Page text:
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Live Review: Mystery Jets

2 October 2012 | 9:15 am | Bryget Chrisfield

More Mystery Jets More Mystery Jets

Less people get a surprise these days when they see Mystery Jets frontman Blaine Harrison, who has spina bifida, crutching on stage. It's not that he ever shied away from talking about his condition; the band just chose not to point the spotlight on Harrison's physical limitations, instead wanting people to discover the band with their ears first. And Harrison's not gonna let those pesky crutches get in the way of wearing a stylin' tan fringed jacket!

When Mystery Jets played Hi-Fi in early 2011, the turnout was disappointing. And so it's pleasing to see a heaving Corner tonight as we happily shuffle around to get a better view of the Eel Pie Island group. It must be weird for the other band members to dance around Harrison while he's perched on a stool and, even more so, for the frontman to remain seated during their perky, dance-poptastic offerings such as Someone Purer. The way Harrison emphasizes the 't' in “beau-t-iful” is endearing and as soon as the second voice comes in to echo the vocal melody, a couple of octaves lower, we're spellbound. Guitarist William Rees boasts an equally majestic set of pipes that are perfectly compatible in timbre with Harrison's and when the song takes flight with a series of enthusiastic “oo-oo-whoa-oh”s we're quickly thrust from introspective melancholy to communal celebration: “So deliver me from sin/And give me rock'n'roll.”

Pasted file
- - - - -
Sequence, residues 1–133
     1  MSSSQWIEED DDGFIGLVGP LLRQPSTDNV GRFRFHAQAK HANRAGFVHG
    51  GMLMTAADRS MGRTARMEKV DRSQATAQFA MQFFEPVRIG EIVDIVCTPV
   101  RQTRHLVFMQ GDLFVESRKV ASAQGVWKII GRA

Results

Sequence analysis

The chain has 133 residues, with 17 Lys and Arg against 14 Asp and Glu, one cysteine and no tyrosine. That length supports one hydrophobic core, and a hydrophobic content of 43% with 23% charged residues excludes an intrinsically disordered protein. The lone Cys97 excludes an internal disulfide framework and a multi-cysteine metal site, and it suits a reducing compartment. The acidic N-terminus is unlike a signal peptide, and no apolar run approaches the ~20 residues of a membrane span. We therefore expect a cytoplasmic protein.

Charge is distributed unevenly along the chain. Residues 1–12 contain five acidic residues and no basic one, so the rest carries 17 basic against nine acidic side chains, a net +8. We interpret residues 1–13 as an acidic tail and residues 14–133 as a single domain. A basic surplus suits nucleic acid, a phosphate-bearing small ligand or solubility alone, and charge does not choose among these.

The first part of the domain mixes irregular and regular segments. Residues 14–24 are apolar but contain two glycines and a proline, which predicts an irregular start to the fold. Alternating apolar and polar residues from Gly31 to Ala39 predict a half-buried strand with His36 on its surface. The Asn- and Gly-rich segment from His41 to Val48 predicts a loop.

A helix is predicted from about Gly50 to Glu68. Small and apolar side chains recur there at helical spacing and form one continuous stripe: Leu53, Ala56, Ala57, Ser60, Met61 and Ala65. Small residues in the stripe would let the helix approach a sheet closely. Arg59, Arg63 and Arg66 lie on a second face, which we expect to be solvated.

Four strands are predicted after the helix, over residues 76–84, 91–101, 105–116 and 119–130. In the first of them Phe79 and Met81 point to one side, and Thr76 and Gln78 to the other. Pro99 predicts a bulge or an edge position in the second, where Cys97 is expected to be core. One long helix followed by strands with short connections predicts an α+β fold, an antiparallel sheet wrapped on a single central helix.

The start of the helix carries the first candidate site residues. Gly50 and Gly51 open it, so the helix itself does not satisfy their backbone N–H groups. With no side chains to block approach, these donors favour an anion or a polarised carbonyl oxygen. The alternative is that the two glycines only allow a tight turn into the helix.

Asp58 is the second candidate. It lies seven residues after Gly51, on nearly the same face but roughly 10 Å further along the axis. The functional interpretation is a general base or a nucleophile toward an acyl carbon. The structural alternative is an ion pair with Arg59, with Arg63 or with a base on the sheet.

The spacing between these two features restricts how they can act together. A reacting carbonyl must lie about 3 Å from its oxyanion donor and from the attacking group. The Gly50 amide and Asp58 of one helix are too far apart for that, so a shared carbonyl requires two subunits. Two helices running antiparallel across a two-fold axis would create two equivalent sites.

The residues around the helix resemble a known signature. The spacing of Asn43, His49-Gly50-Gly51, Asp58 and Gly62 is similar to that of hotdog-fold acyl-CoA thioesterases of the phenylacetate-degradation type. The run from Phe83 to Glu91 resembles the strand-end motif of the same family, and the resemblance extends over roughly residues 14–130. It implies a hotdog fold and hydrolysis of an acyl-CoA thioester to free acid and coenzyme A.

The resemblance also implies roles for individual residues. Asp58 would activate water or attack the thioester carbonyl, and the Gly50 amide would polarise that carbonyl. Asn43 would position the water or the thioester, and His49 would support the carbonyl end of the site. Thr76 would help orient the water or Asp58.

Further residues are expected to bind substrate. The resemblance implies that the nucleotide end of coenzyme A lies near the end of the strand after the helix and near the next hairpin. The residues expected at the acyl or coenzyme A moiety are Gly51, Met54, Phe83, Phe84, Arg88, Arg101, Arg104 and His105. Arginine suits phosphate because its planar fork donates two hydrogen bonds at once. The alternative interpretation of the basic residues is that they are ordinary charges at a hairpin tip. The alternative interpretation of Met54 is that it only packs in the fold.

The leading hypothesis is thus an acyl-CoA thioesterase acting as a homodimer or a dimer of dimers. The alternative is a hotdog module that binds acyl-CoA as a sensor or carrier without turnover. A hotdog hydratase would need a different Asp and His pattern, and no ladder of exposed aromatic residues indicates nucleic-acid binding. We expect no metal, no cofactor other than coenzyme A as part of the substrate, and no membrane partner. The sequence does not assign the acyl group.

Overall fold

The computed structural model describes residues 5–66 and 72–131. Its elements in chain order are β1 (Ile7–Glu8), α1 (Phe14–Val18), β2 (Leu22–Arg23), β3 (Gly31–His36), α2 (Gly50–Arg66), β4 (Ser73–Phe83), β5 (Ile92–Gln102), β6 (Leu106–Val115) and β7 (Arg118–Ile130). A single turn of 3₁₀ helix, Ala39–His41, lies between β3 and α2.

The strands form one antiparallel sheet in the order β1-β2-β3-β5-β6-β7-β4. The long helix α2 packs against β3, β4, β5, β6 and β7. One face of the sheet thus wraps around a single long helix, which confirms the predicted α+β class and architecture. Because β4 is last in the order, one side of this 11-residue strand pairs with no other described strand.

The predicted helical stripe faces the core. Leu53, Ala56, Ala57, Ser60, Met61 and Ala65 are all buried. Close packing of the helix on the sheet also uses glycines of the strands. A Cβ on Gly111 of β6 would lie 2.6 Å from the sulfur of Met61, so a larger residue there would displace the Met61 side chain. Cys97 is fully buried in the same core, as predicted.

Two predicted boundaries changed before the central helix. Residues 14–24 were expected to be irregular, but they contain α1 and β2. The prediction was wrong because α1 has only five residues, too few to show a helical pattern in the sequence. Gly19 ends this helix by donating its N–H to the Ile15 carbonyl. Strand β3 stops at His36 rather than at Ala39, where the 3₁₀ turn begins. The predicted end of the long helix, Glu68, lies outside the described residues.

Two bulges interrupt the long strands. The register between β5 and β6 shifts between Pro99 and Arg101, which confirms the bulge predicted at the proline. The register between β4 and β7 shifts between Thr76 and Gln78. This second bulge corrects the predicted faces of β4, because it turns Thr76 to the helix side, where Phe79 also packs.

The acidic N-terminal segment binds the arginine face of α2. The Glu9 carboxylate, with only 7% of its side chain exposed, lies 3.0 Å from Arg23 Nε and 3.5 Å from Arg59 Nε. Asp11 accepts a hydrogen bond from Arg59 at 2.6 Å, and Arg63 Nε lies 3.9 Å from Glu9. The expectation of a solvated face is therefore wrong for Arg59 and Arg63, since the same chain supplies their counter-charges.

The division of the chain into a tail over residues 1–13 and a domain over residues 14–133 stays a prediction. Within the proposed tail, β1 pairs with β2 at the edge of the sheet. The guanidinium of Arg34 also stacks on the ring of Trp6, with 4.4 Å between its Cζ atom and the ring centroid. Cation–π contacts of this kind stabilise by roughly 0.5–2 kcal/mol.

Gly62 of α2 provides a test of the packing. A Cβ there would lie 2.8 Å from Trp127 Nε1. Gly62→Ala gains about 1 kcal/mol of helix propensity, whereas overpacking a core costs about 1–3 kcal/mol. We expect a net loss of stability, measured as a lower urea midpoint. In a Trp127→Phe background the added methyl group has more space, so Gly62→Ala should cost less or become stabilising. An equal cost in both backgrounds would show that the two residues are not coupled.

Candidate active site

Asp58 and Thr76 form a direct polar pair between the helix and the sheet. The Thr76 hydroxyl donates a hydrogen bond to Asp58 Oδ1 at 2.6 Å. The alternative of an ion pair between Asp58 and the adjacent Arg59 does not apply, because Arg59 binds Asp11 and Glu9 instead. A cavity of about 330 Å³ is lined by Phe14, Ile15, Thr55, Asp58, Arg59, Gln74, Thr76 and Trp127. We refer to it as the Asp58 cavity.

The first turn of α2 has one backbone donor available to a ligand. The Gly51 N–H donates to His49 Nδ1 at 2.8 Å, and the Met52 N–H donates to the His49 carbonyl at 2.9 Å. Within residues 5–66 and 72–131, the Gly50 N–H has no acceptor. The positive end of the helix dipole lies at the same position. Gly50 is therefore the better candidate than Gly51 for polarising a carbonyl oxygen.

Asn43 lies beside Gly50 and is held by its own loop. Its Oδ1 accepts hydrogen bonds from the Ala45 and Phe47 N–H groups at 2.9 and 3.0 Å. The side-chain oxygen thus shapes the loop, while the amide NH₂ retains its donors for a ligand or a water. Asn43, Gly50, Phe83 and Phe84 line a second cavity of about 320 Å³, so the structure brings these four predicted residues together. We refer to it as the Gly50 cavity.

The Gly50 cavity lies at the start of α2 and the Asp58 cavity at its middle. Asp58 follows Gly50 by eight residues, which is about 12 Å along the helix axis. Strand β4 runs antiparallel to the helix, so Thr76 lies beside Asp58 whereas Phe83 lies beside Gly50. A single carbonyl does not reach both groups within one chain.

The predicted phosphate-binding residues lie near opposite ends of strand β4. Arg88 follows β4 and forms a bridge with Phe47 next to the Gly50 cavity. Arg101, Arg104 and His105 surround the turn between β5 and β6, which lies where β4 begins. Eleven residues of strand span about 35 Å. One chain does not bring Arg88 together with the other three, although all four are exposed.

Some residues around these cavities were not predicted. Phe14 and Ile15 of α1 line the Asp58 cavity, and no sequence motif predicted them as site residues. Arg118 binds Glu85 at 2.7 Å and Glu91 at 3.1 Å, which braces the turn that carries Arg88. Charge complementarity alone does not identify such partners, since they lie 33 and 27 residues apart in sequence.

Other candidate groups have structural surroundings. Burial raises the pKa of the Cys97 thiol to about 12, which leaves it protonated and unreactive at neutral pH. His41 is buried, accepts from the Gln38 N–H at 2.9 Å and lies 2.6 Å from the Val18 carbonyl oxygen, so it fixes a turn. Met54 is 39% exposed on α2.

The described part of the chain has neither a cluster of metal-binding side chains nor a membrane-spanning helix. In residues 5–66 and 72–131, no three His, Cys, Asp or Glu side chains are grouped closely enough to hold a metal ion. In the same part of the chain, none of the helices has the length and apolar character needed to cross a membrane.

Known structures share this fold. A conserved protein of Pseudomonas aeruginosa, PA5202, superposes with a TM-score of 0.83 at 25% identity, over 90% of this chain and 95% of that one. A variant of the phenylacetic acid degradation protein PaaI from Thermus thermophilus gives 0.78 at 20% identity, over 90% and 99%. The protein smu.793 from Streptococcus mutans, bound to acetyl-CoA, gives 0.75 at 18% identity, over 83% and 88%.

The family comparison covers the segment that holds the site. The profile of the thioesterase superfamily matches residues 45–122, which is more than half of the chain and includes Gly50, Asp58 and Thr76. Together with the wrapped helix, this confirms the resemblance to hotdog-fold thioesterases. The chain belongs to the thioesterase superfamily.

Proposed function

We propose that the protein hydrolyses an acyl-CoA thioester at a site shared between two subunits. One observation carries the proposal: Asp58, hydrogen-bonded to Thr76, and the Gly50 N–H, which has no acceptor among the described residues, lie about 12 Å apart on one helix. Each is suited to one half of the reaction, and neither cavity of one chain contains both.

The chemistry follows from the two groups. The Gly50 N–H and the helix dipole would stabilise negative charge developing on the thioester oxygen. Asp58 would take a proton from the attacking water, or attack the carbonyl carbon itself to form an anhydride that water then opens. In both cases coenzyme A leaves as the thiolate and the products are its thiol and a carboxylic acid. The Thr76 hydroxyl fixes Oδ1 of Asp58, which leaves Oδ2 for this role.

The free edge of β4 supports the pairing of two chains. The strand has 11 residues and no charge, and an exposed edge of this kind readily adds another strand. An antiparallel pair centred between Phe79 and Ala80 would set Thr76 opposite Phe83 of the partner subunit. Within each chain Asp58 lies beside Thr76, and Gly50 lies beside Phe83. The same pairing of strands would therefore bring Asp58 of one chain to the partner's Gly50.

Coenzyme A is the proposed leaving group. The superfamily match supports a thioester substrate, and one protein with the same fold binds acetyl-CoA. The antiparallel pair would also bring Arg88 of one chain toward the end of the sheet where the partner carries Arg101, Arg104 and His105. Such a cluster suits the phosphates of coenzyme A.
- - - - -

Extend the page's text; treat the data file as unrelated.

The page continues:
Having said that, Radlands, the fourth album by Mystery Jets, is a more reflective set of songs than its forerunners (see: You Had Me At Hello, with its descending melody that could be a nod to Rufus Wainwright) and so the energy of this show compared to previous tours is lowered a couple of notches overall; there's less bopping in the crowd and more motionless, considered contemplation. Clarity of sound is pleasing – Mystery Jets sound as perfect live as they do on CD – and the slide guitar adds a wistful quality. A duet with Laura Marling in its recorded form, Young Love (“If I only knew your name I'd go from door to door”) loses nothing sans Marling in its live incarnation. It's right up there with Young Folks (Peter, Bjorn And John) when it comes to danceable, nostalgic love songs of first crushes, youthful – maybe uni age – longing and infatuation.  

They save one of their best 'til (second) last with Two Doors Down, but we're still crossing everything for the inclusion of After Dark in tonight's setlist. (The track is actually The Count & Sinden Feat Mystery Jets, but so what? It's a live favourite that has been included in previous Jets sets.) We're left wanting, however, as a ballad closes the set and have to resort to repeat plays via iPod. Boo, but oh well, it was an amazing set despite.    

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